Travelling north from Querétaro, most express buses bypass Guanajuato and head straight for LEÓN, a teeming, industrial city of 1.6 million with a long history of excellence in leatherwork. This tradition is reflected in the scores of shoe factories and, in the centre, hundreds of shoe shops: it’s a good place to buy hand-tooled cowboy boots, jackets, belts or just about anything else made of leather, but there’s little else to see.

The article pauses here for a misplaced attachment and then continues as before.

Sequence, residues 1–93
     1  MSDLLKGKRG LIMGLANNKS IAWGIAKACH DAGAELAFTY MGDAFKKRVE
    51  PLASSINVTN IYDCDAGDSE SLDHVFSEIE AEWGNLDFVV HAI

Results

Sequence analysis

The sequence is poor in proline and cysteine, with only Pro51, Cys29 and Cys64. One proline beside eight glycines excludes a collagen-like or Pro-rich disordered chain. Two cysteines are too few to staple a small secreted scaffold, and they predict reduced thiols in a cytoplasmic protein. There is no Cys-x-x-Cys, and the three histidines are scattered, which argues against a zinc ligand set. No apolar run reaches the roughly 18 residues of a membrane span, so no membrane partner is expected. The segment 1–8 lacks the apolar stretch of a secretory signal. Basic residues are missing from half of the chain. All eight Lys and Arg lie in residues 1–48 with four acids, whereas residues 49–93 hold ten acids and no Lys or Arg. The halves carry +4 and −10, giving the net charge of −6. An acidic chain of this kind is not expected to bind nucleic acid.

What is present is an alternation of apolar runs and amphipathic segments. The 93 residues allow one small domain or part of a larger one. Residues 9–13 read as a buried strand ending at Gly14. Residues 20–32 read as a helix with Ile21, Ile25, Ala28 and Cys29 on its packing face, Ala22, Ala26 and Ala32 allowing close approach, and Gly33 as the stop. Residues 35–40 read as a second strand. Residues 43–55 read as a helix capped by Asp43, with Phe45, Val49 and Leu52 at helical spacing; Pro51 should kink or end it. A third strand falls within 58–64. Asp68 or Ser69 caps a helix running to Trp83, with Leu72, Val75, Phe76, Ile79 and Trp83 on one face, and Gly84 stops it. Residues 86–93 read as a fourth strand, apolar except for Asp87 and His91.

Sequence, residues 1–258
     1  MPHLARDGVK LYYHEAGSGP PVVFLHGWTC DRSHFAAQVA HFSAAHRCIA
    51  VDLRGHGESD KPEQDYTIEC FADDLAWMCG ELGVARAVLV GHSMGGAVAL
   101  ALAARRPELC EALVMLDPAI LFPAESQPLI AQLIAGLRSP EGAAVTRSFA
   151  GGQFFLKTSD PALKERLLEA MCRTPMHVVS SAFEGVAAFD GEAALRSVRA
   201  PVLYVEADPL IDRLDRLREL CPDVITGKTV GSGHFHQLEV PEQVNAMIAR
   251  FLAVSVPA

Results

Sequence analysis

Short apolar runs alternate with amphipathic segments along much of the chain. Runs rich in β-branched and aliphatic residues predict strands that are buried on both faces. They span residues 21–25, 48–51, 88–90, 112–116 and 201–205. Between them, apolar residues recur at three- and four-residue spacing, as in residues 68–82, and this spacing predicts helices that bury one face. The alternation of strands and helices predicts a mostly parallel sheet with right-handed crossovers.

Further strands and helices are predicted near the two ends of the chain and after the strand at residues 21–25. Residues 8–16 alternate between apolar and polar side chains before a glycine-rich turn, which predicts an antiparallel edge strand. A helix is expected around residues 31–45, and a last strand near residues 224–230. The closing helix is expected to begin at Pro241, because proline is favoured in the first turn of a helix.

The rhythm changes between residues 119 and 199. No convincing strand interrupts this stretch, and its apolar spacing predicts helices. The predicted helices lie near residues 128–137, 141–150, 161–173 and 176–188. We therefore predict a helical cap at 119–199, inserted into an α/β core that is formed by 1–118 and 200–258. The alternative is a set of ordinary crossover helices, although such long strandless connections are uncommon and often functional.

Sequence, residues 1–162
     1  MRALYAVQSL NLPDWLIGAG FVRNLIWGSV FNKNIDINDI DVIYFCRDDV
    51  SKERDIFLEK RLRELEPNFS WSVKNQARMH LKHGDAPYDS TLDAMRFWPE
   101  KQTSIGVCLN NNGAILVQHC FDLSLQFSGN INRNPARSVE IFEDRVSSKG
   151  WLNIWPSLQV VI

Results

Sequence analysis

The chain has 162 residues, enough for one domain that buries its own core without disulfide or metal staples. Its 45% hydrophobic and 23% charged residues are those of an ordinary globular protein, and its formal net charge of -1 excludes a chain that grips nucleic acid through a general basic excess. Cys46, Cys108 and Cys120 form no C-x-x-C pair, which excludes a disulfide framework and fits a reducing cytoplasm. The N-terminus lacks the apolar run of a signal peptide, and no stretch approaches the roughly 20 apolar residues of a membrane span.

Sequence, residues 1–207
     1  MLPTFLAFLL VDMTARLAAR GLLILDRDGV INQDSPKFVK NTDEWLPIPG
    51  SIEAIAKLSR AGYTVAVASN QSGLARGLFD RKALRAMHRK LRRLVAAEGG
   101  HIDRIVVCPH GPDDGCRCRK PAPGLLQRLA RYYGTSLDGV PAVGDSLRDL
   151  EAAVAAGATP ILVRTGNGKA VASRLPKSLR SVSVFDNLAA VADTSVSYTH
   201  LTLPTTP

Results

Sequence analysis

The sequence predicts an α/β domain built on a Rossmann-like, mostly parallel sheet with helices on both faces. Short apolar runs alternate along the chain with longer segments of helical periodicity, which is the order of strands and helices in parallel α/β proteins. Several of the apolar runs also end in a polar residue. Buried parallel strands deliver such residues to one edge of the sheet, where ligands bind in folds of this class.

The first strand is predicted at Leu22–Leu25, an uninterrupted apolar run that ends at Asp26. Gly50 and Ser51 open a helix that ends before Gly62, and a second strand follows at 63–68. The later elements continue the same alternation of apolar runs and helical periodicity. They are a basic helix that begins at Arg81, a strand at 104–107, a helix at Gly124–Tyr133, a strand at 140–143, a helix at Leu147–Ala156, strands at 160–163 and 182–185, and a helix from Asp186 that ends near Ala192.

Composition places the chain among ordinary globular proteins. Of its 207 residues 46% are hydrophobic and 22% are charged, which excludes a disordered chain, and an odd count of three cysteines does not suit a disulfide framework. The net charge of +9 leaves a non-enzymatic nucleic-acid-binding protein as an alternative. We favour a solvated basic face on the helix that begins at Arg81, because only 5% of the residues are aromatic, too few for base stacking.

Some 45km southwest of Lagos de Moreno, on the road to Guadalajara, the old highway runs through SAN JUAN DE LOS LAGOS. From its outskirts, San Juan seems like any other dusty little town; in the centre, though, you’ll find an enormous bus station surrounded by scores of hotels. This is thanks to Nuestra Señora de San Juan de los Lagos, a miraculous 38cm-tall image of the Virgin Mary contained in the town’s vast eighteenth-century basilica, the second most important pilgrimage site in Mexico. Crafted in the early sixteenth century by the P’urhépecha of Michoacán, the statue is said to have performed its first miracle in 1623 (bringing a dead girl to life) and it’s been venerated ever since. The town’s busiest dates are February 2 (Día de la Candelaria) and December 8 (Fiesta de la Inmaculada Concepción), when the place is crammed with penitents, pilgrims, those seeking miraculous cures and others who are just there to enjoy the atmosphere. The celebrations build up for a couple of weeks beforehand, and spill over to several lesser events throughout the year, notably the first fortnight of August and the entire Christmas period. San Juan de los Lagos is around 122km and two hours by first-class bus from Guadalajara, and just one hour from Aguascalientes.